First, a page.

In cyber security, identities are the real problem, numerous security breaches and successful attacks are due to privileged accounts and user accounts. We need to rethink our trust in identities and the granting of access to networks, applications and data – so redefining "trust". This is precisely what the Zero Trust model aims to address.
The phrase "Zero Trust" is on everybody's lips and is a response to current trends, including the fact that resources are increasingly located outside the company's own (network) boundaries. However, there is nothing new about Zero Trust: About ten years ago, the former Forrester analyst John Kindervag introduced to the IT world the concept of the "Zero Trust Network" – where companies never classify anything like one hundred per cent secure. For this reason, the Zero Trust model assumes that all assets, users and resources are not as trustworthy as such.
Today, security experts are seeing new opportunities in the Zero Trust approach to cyber security. Since the GDPR came into force, companies that fail to adequately protect their customer data risk severe penalties. Thus, Zero Trust can also be used to improve data protection. Here transparency plays a decisive role, i.e. the data flows and assets (users, devices, applications and services) must be known in order to introduce the appropriate authentication, authorisation and other access restrictions at all levels. At the same time, data must also be encrypted – both at the application- layer, during transmission and also during storage.
Identity is central to Zero Trust
The core of a Zero Trust strategy is to allow only authorized persons and resources to access the desired resources on a selective basis and with the required authorization. So in most transactions, identity is the main factor. This is explicitly not restricted only to individuals. Devices, networks and applications also access valuable data and so are also considered to be key players. The following points should be focused on as a first step:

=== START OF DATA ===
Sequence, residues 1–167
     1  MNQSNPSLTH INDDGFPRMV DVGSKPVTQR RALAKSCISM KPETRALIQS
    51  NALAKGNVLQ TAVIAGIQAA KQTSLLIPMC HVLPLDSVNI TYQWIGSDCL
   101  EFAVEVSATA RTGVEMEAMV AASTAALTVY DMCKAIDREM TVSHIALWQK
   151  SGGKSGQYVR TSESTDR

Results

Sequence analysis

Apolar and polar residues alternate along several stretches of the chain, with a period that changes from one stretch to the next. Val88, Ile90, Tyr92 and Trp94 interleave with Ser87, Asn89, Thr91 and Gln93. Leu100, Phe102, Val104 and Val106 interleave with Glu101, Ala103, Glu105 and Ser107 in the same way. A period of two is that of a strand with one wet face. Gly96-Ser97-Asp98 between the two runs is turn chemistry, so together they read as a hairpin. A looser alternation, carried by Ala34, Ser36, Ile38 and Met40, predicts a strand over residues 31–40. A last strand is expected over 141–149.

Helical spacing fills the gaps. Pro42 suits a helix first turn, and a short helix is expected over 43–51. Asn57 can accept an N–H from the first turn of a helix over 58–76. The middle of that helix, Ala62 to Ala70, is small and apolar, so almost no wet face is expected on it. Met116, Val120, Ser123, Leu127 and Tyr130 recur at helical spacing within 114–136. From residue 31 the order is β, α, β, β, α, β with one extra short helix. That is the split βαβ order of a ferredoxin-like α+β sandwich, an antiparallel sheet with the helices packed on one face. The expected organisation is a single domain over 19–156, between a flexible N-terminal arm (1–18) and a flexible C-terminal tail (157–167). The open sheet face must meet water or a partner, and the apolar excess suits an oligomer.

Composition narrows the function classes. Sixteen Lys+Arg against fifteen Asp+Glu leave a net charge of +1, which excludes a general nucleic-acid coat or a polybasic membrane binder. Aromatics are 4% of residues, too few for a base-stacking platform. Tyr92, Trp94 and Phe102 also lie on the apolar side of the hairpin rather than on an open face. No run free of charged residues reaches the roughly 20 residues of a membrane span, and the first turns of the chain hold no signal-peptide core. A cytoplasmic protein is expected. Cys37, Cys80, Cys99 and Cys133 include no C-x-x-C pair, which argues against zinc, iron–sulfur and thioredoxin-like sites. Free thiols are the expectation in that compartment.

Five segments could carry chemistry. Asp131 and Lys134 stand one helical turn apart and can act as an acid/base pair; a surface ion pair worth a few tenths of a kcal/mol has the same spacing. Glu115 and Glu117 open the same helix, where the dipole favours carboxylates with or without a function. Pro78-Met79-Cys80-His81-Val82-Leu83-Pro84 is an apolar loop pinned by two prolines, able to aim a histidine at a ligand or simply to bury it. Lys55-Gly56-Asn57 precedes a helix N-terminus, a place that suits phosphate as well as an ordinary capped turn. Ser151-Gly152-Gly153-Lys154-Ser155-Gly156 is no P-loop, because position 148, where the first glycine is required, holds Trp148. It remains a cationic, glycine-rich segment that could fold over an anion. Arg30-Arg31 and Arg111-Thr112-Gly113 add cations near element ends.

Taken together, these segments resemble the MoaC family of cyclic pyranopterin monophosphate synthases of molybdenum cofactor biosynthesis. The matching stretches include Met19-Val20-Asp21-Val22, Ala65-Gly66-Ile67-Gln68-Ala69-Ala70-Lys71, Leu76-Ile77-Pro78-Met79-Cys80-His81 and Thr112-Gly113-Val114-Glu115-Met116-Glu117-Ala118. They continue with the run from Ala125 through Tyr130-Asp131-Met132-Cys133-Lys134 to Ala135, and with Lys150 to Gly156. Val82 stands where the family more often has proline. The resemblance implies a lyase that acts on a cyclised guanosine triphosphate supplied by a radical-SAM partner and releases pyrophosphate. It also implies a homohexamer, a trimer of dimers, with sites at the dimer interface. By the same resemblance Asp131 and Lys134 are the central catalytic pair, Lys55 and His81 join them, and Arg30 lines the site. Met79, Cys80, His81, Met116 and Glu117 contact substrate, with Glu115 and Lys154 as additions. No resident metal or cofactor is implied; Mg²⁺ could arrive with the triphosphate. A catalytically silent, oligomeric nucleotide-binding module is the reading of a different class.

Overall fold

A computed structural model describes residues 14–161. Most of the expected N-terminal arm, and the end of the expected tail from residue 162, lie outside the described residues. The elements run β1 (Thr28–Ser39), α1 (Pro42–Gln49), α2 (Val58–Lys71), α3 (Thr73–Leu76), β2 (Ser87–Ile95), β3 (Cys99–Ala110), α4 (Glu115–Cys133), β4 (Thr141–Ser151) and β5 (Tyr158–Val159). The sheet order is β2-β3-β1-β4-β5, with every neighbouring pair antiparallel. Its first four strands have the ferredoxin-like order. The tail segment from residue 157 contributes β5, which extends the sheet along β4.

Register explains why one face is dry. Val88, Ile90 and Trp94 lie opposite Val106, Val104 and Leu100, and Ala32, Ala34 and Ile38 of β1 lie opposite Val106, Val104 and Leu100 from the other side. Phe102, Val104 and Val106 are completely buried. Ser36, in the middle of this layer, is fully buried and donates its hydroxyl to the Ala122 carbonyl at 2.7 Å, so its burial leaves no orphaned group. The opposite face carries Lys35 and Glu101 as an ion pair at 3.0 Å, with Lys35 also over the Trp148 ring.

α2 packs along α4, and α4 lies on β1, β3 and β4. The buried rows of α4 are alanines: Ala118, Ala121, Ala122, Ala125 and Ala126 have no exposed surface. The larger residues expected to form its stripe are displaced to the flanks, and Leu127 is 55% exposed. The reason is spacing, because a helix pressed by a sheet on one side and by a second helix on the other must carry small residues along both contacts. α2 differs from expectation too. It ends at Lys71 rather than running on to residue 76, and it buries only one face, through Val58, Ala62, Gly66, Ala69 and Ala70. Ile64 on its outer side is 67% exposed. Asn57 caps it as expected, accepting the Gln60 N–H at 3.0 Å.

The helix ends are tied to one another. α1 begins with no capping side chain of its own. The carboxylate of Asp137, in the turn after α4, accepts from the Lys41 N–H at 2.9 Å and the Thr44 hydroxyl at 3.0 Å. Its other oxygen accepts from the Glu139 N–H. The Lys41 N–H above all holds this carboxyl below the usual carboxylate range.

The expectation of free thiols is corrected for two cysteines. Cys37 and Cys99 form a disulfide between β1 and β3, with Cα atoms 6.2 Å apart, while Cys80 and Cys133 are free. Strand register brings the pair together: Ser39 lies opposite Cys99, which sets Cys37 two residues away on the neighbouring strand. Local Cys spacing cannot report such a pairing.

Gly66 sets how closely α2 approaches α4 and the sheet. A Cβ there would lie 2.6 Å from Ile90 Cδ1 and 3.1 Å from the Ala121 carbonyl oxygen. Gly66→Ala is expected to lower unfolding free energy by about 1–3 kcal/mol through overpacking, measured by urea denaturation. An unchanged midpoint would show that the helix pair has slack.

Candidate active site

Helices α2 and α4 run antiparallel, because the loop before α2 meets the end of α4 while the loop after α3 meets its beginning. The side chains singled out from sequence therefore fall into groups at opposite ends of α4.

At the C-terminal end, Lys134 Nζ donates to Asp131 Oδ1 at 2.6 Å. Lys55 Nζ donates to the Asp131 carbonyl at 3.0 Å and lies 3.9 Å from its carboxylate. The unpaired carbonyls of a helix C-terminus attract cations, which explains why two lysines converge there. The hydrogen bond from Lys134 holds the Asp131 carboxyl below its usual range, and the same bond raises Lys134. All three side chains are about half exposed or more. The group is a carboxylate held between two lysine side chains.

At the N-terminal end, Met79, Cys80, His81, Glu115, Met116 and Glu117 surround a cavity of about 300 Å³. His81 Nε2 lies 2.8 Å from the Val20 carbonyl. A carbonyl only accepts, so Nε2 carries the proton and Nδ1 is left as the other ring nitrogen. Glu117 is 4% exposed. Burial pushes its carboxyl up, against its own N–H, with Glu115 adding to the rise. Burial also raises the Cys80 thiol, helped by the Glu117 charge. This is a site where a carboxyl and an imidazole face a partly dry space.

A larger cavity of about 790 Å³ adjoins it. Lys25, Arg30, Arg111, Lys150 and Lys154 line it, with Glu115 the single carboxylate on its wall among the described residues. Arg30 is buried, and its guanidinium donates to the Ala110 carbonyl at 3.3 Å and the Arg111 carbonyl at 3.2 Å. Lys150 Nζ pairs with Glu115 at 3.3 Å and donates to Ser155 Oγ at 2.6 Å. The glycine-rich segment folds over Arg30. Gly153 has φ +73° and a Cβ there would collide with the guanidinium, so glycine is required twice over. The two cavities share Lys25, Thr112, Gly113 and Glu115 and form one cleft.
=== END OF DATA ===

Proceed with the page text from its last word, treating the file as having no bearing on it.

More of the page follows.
1. Grant access by checking which persons and resources request access
2. Understand the context of the request.
3. Establish the risk of the environment for access.
4. Then grant access based on the principle of "least privilege".
Another factor that needs to be considered during authentication is the user's behaviour. Users typically use the same resources and have a regular activity pattern. When an abnormal behaviour is identified, then additional, stronger authentication factors need to be triggered. Zero Trust pushes companies to think again about having a high, multi-layered security wall and developing a model made up of many distinct segments. In other words, instead of concentrating on perimeter-based defences, companies should define the individual segments – with an immediate emphasis on critical data, applications, systems and networks, thus protecting the "crown jewels" right from the outset. This data centric approach has implications for all the areas of a corporate infrastructure.
On the Zero Trust journey
This makes it clear that introducing the zero trust model involves a rethink and, in most cases, continuous change. But where should the journey start? In addition to NIST SP 800-207 (Zero Trust architecture), the IDSA framework – named after the alliance of the same name – can also be used. This states that only making endpoints, firewalls and networks secure does not provide much protection against identity and credential based threats.
This evolution need not, and indeed cannot, happen overnight. On the contrary, the existing security architecture must continue to be developed in a targeted manner, i.e. the existing infrastructure needs to be modified and existing security controls need to be supplemented. This is also one of the model's greatest advantages. For this reason, we recommend starting the Zero Trust journey with a dedicated use case, or an app or user group. This way, initial successes can be demonstrated, valuable experience can be gained and new architectures or technology can be tested.
Zero Trust addresses current and future security challenges
Zero Trust is more relevant today than it has ever been because of the dispersed, virtual world, as the traditional infrastructure perimeter has eroded. Cloud and IoT are just two examples of this. Zero Trust provides companies with an architecture that uses identity context and enables risk-based access to critical resources. This improves security without compromising user-friendliness. Taking a methodical approach to implementation means that current and future threats can be significantly reduced and effort kept to a minimum.
Zero Trust architecture with the right partner
So there is no need for a completely new security landscape in a Zero Trust concept usually, most of the security landscape is already in place. The crucial factors here are that policies must fundamentally take into account the current risks, blind trust is a foreign concept and authorisations are kept to a minimum and dynamically adjusted.
Do you have any questions about the Zero-Trust approach, or do you need some support? We would be happy to show you the benefits of Zero Trust personally.